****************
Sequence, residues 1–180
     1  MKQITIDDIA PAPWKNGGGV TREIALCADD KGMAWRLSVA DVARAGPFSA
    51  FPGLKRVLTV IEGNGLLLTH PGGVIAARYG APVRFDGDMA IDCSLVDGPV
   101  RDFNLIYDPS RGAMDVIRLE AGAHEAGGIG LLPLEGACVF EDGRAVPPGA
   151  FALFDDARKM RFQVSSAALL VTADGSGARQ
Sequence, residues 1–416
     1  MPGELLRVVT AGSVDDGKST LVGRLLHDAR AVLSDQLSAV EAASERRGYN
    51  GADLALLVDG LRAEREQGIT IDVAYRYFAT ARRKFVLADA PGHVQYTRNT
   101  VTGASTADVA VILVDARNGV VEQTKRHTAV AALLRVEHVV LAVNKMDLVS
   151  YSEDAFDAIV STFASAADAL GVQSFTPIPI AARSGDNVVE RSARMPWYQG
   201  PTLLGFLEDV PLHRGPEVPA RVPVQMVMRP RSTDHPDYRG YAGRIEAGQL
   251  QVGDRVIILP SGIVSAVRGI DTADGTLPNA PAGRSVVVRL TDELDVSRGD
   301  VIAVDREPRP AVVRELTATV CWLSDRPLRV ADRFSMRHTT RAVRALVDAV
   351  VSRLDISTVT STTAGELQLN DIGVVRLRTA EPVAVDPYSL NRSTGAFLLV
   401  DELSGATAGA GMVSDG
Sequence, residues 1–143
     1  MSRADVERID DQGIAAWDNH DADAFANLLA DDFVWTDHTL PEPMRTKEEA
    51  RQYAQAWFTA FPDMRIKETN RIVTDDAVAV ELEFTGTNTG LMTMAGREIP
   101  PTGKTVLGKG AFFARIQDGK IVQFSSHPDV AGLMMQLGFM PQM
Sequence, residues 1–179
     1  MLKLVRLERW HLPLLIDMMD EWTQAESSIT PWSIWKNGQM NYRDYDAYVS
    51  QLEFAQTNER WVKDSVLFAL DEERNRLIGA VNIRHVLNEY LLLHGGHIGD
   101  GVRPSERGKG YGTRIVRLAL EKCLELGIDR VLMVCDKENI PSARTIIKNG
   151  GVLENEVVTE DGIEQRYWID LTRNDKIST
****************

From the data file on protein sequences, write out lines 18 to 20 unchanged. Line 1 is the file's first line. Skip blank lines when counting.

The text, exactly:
    51  RQYAQAWFTA FPDMRIKETN RIVTDDAVAV ELEFTGTNTG LMTMAGREIP
   101  PTGKTVLGKG AFFARIQDGK IVQFSSHPDV AGLMMQLGFM PQM
Sequence, residues 1–179